Explore our current exhibit.
Portraiture 2: Self, Mostly Photography
November 8 – December 14, 2021
Gathering and Gallery Talk:
Eileen Powers and Kevin Bennett Moore in conversation
Thursday, November 18: Gathering begins at 5:30 pm, Talk begins at 6 pm
- Eileen Powers
- Kevin Bennett Moore
“The Portrait-Photograpg is a closed field of forces. Four image-repertoires intersect here, oppose and distort each other. In front of the lens, I am at the same time: the one I think I am, the one I want others to think I am, the one the photographer thinks I am, and the one he makes use of to exhibit his art.” (Roland Barthes, Camera Lucida, London, 1984, p. 13)
Some questions posed and answered by the works in the exhibit:
- The concept of the self – who am I?
- What is a portrait? Is it a construction?
- How do we see each other? How do we see ourselves?
- Who is looking at whom?
- How does the camera in its various forms influence perception?
- How has this changed with social media?
- What is the relationship between performance and the self-portrait?
- How do the way images are used on social media change the images?
- How is what is being presented, manipulated through Photoshop, curated, explored and presented on Instagram, different from 19th century self-portrait imges?
The role of the artist is to point to things. When depicting someone the artist makes decisions about what story to tell. Portraits not only articulate something about the subject, but also how that subject wants to be depicted and how the artist wants to depict them. This is multiplied and mirrored with the self-portrait. In the works of both Powers and Moore – performance is critical to how they each conceive of and present themselves. In addition, the viewer is invited to add to that conversation through projection, that is, the experience of the work also becomes about one’s own identity. The performative aspect for their works makes them tailor made for Instagram. The works themselves are records of that performance, in the end it is the image that is the essential thing. The self-portraits of Eileen Powers and Kevin Bennett Moore in Portraiture 2: Self, Mostly Photography gives us clues to who we are.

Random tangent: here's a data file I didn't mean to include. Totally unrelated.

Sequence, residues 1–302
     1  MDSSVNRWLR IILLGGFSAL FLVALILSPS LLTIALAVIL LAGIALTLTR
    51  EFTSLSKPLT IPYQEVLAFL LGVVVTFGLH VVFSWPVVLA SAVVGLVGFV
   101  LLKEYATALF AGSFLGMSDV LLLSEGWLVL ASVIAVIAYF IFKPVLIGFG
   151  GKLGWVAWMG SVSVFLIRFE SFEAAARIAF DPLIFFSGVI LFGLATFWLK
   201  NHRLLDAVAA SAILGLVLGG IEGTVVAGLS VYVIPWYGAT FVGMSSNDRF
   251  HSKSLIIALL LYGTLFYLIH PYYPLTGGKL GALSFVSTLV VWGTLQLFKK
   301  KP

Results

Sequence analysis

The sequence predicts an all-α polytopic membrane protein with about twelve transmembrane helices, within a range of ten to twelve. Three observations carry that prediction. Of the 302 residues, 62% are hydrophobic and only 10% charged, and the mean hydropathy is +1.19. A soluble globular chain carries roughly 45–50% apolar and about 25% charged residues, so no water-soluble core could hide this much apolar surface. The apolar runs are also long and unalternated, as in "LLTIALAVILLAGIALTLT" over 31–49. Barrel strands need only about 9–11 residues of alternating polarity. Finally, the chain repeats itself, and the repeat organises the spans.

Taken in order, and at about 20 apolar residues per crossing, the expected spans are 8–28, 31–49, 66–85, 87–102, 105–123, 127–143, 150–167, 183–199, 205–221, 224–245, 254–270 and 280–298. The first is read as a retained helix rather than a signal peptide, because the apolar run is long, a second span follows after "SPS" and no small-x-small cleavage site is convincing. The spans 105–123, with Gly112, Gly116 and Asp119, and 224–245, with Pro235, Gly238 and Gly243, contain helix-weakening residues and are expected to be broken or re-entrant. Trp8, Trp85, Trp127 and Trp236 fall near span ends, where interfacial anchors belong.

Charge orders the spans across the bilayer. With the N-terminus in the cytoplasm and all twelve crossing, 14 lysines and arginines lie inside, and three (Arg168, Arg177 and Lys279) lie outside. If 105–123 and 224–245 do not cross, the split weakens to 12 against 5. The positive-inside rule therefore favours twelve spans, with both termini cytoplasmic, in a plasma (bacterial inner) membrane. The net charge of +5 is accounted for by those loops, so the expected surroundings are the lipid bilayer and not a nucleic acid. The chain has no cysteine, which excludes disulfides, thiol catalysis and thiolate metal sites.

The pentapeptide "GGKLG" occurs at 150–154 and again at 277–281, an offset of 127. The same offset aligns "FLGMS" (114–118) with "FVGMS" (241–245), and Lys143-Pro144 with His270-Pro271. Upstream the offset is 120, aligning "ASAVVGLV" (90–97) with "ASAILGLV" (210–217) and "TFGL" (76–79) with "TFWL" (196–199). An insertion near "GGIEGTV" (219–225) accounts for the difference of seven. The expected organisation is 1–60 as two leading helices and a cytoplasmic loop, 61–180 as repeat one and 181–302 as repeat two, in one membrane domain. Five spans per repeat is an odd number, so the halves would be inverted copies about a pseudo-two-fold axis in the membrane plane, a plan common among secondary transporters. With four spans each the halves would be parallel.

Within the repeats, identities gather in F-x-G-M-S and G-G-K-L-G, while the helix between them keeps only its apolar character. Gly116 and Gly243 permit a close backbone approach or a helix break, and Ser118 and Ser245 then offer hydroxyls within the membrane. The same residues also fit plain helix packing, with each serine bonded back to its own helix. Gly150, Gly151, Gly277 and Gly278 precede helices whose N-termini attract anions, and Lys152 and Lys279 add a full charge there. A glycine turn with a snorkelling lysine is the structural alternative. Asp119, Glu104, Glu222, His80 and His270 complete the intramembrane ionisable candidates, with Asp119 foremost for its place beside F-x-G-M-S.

Powers says that by “taking on the roles of both agent and object I realize momentary self-constructions for the camera based on my experience with cancer. Theatricality and performance offer me the freedom to bring internal conflicts to the surface in the form of alternate selves. These performative identities have no history or future, they live briefly for a few second before the lens.”
Moore is influenced by his own queer experience and ideals of mid-century American culture. His project investigates a familiar environment that alludes to something more enigmatic. Creating vignettes of this space and time allows for the images to exist in reality or remain fictitious. Film, in short, is cultural performance. Moore looks specifically at masculinity as a way to question our ideas of gender and the performance of masculinity, in juxtaposition to our current political landscape. The characters become distant protagonists as the work allows the viewer to become a voyeur.